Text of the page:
Thinking of Moving? Do This First

You’re thinking of picking up sticks… looking to new horizons… you want a new view out the picture window…

In other words, you’re moving house. And whether it’s across the street, state, country, or world, it’s a big decision that you shouldn’t take lightly. You need to ask yourself some tough questions about why you’re moving, who you’re moving for, and what it will cost – both financially and in terms of what you’re giving up.

Then, it helps to do a by-the-numbers analysis of what you (and your spouse, partner, or whomever else is involved) are looking for in a new place to live (see our spreadsheet template here for more).

And once you’ve decided on where you (think you) want to move – or have a small handful of top contenders – it’s time to check it out. And to reduce the risk of making an expensive and time-consuming mistake with a decision you regret, I (Kim Iskyan) want to share three tips to help you cover all the bases as you’re deciding on your move…

1. Go there and live like a local.

You don’t buy a new car without a test drive. You don’t send your kid to college without checking out the campus. You don’t marry without dating. And you don’t move somewhere without living there – or at least an approximation of that – first.

Make time to visit where you think you want to move, whether it’s Florence or Phuket or wherever. But don’t think of it as a “sleeping late, dining out, cocktails at noon on the balcony” kind of vacation. It’s the time for serious due diligence and to experience life more like a local than a tourist.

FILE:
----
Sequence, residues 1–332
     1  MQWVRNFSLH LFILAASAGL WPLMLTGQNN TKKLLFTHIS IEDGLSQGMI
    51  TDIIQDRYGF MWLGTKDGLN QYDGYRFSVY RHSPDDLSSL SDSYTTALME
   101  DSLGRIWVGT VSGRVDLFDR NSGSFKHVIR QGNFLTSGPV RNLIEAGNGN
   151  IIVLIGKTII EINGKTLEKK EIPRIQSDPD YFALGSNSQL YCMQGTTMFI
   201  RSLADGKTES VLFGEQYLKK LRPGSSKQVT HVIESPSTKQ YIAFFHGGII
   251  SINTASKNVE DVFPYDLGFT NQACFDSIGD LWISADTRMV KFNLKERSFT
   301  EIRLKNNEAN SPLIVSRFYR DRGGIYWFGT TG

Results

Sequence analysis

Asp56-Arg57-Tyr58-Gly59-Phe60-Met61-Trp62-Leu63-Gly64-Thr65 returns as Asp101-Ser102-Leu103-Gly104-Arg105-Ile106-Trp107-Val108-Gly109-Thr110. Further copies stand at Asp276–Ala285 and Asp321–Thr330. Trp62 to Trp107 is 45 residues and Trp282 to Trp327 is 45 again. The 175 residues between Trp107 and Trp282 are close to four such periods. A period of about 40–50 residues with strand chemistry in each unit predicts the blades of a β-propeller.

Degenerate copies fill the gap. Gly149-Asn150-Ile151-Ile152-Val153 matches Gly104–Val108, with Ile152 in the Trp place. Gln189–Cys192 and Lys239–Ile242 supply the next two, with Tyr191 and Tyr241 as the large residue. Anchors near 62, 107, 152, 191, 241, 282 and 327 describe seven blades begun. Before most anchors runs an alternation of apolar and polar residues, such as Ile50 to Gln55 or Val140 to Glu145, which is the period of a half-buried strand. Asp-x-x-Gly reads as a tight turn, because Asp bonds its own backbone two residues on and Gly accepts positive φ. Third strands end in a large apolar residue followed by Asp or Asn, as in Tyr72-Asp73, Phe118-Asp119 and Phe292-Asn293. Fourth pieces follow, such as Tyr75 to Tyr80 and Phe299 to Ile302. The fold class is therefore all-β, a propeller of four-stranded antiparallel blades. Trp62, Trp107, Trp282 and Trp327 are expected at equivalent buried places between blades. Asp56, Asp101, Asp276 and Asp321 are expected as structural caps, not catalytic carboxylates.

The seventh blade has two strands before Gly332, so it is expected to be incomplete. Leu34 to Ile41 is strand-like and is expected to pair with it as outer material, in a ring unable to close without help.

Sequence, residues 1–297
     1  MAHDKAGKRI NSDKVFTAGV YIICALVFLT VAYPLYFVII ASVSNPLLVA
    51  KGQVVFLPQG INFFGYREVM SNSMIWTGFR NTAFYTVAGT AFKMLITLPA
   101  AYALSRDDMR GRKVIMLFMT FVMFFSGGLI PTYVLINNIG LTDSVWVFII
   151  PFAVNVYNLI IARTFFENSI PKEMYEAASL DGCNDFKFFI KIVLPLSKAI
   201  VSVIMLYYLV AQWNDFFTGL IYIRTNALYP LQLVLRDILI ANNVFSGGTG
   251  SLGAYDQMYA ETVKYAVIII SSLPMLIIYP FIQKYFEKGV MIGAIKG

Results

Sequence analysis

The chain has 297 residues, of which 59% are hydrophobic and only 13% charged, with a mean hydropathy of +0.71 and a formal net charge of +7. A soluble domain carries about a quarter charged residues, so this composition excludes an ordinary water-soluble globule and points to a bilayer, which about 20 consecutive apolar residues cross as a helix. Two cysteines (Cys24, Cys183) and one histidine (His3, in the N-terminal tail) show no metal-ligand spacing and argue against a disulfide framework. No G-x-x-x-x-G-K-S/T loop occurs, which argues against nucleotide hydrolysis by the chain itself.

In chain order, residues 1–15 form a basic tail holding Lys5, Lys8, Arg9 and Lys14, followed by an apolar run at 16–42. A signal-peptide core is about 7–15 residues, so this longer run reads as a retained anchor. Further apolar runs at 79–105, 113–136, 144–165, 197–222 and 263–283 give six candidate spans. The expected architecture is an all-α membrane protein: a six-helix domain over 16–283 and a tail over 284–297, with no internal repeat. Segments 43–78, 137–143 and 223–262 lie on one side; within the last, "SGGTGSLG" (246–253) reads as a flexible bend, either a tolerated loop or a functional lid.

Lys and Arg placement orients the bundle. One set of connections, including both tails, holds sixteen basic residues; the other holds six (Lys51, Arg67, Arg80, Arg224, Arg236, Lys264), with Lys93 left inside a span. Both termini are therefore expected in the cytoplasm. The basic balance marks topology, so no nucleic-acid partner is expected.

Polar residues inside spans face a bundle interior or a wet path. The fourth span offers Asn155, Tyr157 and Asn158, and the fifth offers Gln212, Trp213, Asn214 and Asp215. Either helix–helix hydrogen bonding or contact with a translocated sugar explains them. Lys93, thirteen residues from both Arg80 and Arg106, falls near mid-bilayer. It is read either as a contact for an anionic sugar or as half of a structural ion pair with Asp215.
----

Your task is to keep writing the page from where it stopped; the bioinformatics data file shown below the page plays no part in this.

For starters, don’t stay in a hotel that shields you from the realities of everyday life. If you move there, you won’t have a concierge downstairs to point you to the nearest pharmacy, a la Four Seasons. You’ll have to throw away your own garbage. You’ll need to know who to call if the hot water turns cold. And to properly try a place on for size, you should do all of those sorts of things.

Find an Airbnb – that’s closer to how normal people live than any hotel – ideally in an area or neighborhood that you think you might like. Then, spend at least two weeks living and learning… walking the streets, hearing the neighbors, fiddling with the air conditioning, dealing with the landlord, and finding a cold beer.

While you’re there, you need to answer these questions: What’s the traffic like? Is the weather too hot, or cold, or dusty, or rainy? What are the streets like at night? Can you find your favorite foods at the grocery store? Can you get a taxi in a storm? Do coffee shops have decent Wi-Fi? Can you understand and easily use public transportation? Are there children out and about? Do you like the local cuisine?

Put your language skills to the test. Can you hold up under the glare of bargaining for a kilo of mangoes or asking for directions to the nearest park? If you’re an advanced student of the possible next place to live, really push your limits… Find a dentist and visit for a cleaning – even if you don’t really need one. Is it like home, only better? Or something out of a horror movie?